Throughout our life we learn to perform a variety of different actions to impact the world around us, and to obtain the outcomes we want. Many of these actions are learned by associating specific stimuli to particular responses, thereby building sensorimotor repertoires, where the occurrence of the stimulus leads to the execution of the action. But many other actions are self-paced, and learned/shaped based on their consequences. Such actions are initiated and performed in a spontaneous manner, and if some desirable outcome (a reward, a stimulus, even another action) occurs as a consequence, we learn to do them again, and to shape their execution to achieve that goal. This process of learning from consequence could be viewed conceptually as a motorsensory process, which is impaired in conditions affecting self-paced action generation, such as Parkinson’s disease, and action control, such obsessive-compulsive disorder.

The efforts of our laboratory have been dedicated to understanding the circuits and the mechanisms underlying the generation of novel self-paced actions, and the shaping of these actions into complex action repertoires based on the consequences of their execution. Understanding this process, through trial and feedback, requires mechanistic insight into how self-paced actions are initiated, how they can be selected/initiated again, how feedback can shape their execution and organization, and what drives the actions to be performed in a particular situation.

To achieve this understanding, we carry out experiments that address four distinct but related questions through four subgoals:

1. Action initiation/generation: What mechanisms underlie the self-paced initiation of actions and the self-paced generation of diverse actions in a particular context?

2. Action shaping and automatization: What mechanisms underlie the changes in how actions are executed through iterative processes of repetition of action and consequence (trial and feedback)? This implies understanding how particular parameters of action execution can be shaped through feedback to more accurately or more rapidly reach a particular goal. Because most action repertoires we learn to execute are sequences of individual elements, understanding how actions are shaped implies understanding how actions are organized into complex and precise sequences.

3. Action selection: What are the neural bases underlying the choice of which actions to perform or not perform in a given context (and when to perform them), based on the previous experience of the consequences of each action in that particular context? This requires understanding how credit is assigned to a particular action for a given consequence, and how that action is selected again in lieu of others.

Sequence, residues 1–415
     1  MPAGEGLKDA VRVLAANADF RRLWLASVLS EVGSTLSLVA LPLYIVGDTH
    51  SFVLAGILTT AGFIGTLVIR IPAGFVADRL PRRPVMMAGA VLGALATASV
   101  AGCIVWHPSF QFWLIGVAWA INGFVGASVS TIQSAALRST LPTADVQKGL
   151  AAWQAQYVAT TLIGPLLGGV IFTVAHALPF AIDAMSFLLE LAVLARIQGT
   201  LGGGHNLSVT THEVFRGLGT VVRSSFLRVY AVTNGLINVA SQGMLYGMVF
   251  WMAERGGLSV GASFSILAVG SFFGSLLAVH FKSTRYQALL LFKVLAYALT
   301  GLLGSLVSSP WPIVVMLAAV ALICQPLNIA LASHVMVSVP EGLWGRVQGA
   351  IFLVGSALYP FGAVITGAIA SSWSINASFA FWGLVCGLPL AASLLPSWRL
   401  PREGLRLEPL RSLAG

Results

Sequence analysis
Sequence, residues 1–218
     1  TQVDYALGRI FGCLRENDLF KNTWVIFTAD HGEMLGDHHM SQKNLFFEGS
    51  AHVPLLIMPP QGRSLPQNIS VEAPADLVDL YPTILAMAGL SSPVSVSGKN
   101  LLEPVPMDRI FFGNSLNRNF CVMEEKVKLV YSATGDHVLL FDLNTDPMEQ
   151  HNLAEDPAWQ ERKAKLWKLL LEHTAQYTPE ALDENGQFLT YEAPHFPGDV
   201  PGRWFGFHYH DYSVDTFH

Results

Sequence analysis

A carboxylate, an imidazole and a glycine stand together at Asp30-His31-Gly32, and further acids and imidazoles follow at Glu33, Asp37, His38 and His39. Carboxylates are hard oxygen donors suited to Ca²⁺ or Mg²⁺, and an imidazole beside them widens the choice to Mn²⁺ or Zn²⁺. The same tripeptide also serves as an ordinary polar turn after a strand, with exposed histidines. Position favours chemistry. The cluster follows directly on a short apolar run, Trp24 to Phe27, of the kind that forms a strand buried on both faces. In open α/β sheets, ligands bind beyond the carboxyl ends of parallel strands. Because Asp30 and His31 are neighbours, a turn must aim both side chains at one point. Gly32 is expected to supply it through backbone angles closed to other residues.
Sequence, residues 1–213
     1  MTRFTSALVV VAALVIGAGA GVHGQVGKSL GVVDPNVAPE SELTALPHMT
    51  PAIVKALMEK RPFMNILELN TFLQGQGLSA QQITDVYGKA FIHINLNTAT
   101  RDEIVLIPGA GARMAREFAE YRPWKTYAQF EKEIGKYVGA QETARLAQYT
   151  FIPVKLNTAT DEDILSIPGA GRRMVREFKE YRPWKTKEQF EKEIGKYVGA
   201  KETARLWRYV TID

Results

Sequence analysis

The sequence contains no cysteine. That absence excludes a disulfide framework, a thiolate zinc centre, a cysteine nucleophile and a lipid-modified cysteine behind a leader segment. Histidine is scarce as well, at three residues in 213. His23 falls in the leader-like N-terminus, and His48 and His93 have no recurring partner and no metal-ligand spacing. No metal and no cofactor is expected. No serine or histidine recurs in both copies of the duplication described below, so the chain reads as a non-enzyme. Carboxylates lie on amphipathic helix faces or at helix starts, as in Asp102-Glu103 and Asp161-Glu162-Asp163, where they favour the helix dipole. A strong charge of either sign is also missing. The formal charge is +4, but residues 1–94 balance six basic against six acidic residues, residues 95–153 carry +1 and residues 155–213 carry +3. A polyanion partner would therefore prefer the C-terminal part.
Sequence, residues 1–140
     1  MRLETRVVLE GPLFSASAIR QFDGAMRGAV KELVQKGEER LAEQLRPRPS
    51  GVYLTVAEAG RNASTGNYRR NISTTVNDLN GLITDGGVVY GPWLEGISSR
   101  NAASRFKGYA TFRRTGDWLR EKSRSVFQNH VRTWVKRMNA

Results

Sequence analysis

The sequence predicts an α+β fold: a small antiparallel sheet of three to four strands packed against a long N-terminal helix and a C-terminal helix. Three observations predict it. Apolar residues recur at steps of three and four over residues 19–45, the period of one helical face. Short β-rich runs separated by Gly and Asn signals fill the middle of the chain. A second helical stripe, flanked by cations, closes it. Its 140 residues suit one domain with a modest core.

4. Action control: What mechanisms determine why actions are performed in particular states, i.e. are actions performed to obtain a particular goal (intentional, goal-directed or model-based), or are they triggered by a particular context or state (feedforward stimulus-response or habits, model-free)?

A growing body of evidence from our laboratory and others suggests that cortico-basal ganglia circuits are involved in action generation and selection, in skill learning, and in learning goal-directed actions and habits. There is also a large body of evidence that the neurotransmitter dopamine plays a key role in regulating basal ganglia function to control action generation and reward learning. Therefore, we investigate the cortico-basal ganglia mechanisms underlying the processes described in the different subgoals above, by using an across-level approach, from behavior, to circuits, to molecules. We mostly use mice in these studies because they combine the power of genetics in a mammalian species with relatively conserved cortico-basal ganglia loops, that can generate and propagate oscillatory activity, with the possibility of accurately quantifying simple behaviors such as action initiation (using electromyographic [EMG] recordings or inertial sensors), as well as the possibility of learning complex skills and goal-directed planning tasks. Our results have demonstrated key mechanisms by which dopamine and basal ganglia modulate action generation and action learning, and invite a reassessment of the classic model of dopamine and basal ganglia function.